Fourth Sunday of Lent

April 3, 2018

Brothers and sisters: God, who is rich in mercy, because of the great love he had for us, 
even when we were dead in our transgressions, brought us to life with Christ — by grace you have been saved —, raised us up with him, and seated us with him in the heavens in Christ Jesus, that in the ages to come He might show the immeasurable riches of his grace in his kindness to us in Christ Jesus. For by grace you have been saved through faith, and this is not from you; it is the gift of God; it is not from works, so no one may boast. For we are his handiwork, created in Christ Jesus for the good works that God has prepared in advance, that we should live in them.
Ephesians 2:4-10

 

I’m not close to Holy Week and I. Am. Tired. Blame it on my thyroid, attempting to bounce back from the foster kiddos, an odd schedule, or sicknesses and allergies, but my body is just begging to take a week and stay in bed. And yet, it’s Lent, the time when we feel that we should be giving more, doing more, praying more. Each week in our Scripture readings, I’m seeing God’s overwhelming love, mercy, and grace that he pours out on us when we inevitably land in this spot. We’ve been saved by grace. It’s not our doing. It’s not dependent on how hard or not hard we’re working. It’s a gift from God.

 

As Catholics, I think we often picture our faith to be like one of those fundraising poster boards where you fill up the thermometer with the more money you raise. We just have to do enough good works to fill up the thermometer and then we can rest easy. We did it. God will love us now. We’re in the safe zone.

 

But faith doesn’t work like that. Faith is a relationship, not a fundraising-good-works-thermometer. It’s a conversation. It flows from the heart. And no amount of good works could ever fill up that thermometer, because we could never give enough to make up for our darkness. We could never give more than God has given. In our Gospel reading, we’re reminded that God gave His only Son. It doesn’t matter how many pieces of chocolate you stay away from this Lent, you’re not going to fill up THAT thermometer.

 

God, who is rich in mercy, because of the great love he had for us (Eph 2:4)… He might show the immeasurable riches of his grace in his kindness to us in Christ Jesus (Eph 2:7)… It is the gift of God (Eph 2:8)… God so loved the world (John 3:16)… For we are his handiwork (Eph 2:10)…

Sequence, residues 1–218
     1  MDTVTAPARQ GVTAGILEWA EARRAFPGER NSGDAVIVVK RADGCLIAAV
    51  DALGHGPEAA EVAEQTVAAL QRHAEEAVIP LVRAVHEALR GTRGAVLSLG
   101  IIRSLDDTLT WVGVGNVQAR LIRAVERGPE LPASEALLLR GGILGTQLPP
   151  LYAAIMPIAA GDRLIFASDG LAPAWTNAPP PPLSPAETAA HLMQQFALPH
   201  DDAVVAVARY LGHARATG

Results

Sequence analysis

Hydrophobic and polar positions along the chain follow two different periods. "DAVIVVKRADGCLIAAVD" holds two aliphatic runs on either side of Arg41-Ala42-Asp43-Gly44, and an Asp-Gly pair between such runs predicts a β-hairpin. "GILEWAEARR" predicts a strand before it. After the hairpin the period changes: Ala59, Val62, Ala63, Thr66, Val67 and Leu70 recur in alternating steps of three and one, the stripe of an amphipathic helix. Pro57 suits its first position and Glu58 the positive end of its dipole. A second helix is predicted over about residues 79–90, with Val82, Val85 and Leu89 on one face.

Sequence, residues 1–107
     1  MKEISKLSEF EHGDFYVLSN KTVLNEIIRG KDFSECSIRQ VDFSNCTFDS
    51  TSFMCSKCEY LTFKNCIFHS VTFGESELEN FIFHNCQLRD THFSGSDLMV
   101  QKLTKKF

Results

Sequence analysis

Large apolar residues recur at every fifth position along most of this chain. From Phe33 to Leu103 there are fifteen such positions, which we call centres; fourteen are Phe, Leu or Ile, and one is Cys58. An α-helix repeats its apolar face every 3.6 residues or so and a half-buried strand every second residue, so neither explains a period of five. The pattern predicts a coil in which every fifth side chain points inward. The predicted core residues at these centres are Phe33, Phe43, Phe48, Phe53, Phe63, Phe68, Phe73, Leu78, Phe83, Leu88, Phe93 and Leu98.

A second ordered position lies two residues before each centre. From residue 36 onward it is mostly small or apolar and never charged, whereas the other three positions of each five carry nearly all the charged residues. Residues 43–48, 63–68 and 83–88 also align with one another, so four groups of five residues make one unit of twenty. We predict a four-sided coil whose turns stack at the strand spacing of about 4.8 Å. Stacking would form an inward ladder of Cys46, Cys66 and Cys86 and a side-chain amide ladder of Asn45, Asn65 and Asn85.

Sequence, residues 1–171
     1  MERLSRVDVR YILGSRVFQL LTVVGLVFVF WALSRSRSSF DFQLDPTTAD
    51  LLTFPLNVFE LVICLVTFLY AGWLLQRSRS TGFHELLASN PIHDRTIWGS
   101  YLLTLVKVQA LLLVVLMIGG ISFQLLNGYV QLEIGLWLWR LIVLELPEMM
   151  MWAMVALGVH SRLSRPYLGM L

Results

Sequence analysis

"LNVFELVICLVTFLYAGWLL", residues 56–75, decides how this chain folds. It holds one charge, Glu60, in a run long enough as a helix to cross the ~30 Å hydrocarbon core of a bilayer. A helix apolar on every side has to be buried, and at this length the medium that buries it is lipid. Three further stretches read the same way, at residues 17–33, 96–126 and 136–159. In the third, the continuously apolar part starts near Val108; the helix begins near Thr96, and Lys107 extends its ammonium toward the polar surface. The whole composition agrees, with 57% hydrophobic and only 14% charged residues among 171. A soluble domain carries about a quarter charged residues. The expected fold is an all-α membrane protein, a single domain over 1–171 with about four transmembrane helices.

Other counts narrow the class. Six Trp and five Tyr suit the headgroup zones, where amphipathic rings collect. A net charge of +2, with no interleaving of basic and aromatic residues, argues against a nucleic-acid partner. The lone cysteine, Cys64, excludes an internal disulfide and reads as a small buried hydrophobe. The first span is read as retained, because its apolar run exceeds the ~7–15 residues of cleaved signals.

We are clearly dearly loved. That last one paints such a beautiful picture in my mind… his handiwork. He looks at us, the entire world, with pride. We are his creation. He can’t help but love us. But right after saying that we are his handiwork, he says the reason we were created… For we are his handiwork, created in Christ Jesus for the good works that God has prepared in advance, that we should live in him. (my emphasis) And that’s where we can remember our challenge. What use is a table if you never place anything on it? What use is a guitar if it is never played? What use is an empty refrigerator, wasting energy with no food inside? What use is a human without good works?

 

God is rich in mercy. He loved the world so much He sent His Son. We are saved by grace. Grace is a gift from God, not earned by works. And yet, we are created for good works. This is our purpose. This is our calling. And all works must come from love. Love of God and love of our neighbor. If we are approaching our good works with the hopes of coloring in that thermometer, let’s take a step back and spend some time in our relationship with God to make sure our works are coming from a place of love. If we’re living our life selfishly, may we be reminded of God’s plan and purpose for us to go and do good works. Or if you, like me, are just plain tired, let’s find some time to sit in His presence this week and be reminded of his overwhelming mercy, love, and grace.

 

For God so loved the world that he gave his only Son, so that everyone who believes in him might not perish but might have eternal life. For God did not send his Son into the world to condemn the world, but that the world might be saved through him.

– John 3:16-17

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